Out of the Ordinary

“Out of the Ordinary” is a solo exhibition by Phoenix in the front gallery of Off the Kerb. Phoenix is not the ordinary Melbourne street artist who works with paste-ups. Unlike other street artists you don’t instantly get the meaning of his images, you have to work at them. You recognise the ordinary object but then you realise that there is more, something out of the ordinary. Often the message is an environmental awareness like All in One Basket.

phoenix

Phoenix, M.C. (Milk Crate) Escher, Anchor Hand and Jumbo Sushi Fish

Phoenix makes his paste-ups using a very technical combination of drawing, photocopies and collage. He uses a photocopier to produce drawings and has been using photocopiers to make art for longer than he has done street art. He used the photocopier to add colour through different colour ink cartridges or coloured paper and especially to enlarge and reduce. Very accurate, detailed drawings, draftsman drawings that are built up by combining different elements or the same element at different sizes, as in his Show of Hands. Always the image incorporates a double spiral as a logo/tag/signature.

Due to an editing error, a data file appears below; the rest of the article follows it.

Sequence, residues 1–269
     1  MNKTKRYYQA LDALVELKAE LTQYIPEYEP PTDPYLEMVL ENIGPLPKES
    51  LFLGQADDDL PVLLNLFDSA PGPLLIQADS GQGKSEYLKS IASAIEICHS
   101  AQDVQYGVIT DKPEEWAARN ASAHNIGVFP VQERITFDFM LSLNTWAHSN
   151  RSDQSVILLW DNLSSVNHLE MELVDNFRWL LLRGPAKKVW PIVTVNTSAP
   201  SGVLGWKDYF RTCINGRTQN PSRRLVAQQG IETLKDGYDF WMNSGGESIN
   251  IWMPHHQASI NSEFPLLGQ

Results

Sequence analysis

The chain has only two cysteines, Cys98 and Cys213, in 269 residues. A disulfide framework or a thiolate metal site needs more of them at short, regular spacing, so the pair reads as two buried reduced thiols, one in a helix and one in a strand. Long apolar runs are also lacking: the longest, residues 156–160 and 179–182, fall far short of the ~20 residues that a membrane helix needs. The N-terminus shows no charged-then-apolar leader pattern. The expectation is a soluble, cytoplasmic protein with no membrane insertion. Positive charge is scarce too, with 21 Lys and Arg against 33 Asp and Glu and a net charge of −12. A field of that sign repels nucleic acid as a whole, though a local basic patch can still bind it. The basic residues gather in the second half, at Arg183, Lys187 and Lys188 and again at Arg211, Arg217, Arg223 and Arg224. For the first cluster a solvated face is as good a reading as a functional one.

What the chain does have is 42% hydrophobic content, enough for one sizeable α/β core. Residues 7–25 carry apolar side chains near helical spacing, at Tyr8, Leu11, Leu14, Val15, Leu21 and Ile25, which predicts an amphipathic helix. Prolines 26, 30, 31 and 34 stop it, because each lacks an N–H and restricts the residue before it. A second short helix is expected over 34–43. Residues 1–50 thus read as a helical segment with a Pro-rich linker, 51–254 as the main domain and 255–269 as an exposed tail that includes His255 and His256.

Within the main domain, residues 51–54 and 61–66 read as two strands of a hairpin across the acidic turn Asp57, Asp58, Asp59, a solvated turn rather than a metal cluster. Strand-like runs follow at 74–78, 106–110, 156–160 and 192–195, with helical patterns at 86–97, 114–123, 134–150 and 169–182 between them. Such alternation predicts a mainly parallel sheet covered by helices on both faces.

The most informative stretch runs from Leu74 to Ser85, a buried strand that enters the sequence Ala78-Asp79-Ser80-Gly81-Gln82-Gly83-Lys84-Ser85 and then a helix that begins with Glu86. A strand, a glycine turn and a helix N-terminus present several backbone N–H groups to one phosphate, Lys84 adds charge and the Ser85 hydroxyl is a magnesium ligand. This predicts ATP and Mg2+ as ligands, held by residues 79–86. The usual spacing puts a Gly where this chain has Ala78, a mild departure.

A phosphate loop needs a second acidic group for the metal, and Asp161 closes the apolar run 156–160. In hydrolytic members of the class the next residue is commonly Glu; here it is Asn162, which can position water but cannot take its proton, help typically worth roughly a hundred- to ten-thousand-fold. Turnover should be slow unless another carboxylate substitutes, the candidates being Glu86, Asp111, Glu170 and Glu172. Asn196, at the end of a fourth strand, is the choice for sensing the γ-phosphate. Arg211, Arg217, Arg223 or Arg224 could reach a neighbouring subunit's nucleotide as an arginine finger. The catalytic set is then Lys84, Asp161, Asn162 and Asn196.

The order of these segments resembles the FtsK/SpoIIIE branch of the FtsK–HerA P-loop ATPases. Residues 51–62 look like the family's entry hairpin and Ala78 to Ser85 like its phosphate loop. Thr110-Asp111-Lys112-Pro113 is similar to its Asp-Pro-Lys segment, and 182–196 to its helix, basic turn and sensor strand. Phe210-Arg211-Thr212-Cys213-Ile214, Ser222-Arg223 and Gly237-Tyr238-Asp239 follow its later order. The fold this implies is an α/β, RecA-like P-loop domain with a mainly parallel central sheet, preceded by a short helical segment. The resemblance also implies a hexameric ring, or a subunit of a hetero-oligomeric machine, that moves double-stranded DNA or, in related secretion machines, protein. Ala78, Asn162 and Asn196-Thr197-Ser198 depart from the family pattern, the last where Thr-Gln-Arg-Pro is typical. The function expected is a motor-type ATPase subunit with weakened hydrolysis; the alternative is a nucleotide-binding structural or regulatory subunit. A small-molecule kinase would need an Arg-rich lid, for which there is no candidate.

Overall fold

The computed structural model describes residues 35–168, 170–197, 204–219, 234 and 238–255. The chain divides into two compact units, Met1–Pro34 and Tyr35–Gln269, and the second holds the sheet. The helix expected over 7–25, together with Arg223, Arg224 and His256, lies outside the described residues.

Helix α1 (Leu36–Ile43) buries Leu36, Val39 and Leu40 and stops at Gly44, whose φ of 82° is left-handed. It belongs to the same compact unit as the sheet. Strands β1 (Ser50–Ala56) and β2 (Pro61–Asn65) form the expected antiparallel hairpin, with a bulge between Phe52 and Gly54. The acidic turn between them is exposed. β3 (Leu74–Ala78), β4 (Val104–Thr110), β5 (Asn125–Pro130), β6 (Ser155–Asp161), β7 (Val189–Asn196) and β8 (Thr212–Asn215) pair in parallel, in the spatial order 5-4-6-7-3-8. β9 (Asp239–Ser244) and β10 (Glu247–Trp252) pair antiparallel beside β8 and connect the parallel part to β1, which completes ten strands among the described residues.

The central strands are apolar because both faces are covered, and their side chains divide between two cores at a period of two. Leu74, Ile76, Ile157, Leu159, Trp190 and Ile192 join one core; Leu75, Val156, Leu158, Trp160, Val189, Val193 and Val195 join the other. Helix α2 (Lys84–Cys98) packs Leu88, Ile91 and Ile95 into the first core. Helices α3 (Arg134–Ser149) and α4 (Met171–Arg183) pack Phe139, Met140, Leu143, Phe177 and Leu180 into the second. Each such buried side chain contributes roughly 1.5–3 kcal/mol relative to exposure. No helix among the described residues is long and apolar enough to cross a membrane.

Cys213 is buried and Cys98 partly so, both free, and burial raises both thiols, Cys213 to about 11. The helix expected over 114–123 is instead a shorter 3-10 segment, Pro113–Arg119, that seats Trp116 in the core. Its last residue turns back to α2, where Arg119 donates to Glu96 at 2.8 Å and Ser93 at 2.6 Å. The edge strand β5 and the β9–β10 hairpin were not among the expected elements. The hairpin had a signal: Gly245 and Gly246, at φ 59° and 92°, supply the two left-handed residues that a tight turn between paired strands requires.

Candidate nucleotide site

He has been working on the streets for about seven years. He is a generous guy who will loan other artists his ladder at painting events, before he’s put up his own paste-up, or volunteer to help at the Sweet Streets festival, which is where I first met him. He has an amazing trolley studio with a ladder and all he needs for working on the street.

This is the first time that I’ve seen Phoenix exhibit in a gallery but I know that he has had exhibited in Sydney before. The works are the same as they are on the street, except that the gallery editions are mounted on jigsaw cut wood rather just pasted on the wall. With the Night Diver, and other pieces there raised elements, like the bolts and other parts.

The masterpiece of the exhibition is his M.C. (Milk Crate) Escher it is truly out of the ordinary.

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About Mark Holsworth

Writer, independent researcher and artist, Mark Holsworth is the author of the book Sculptures of Melbourne. View all posts by Mark Holsworth

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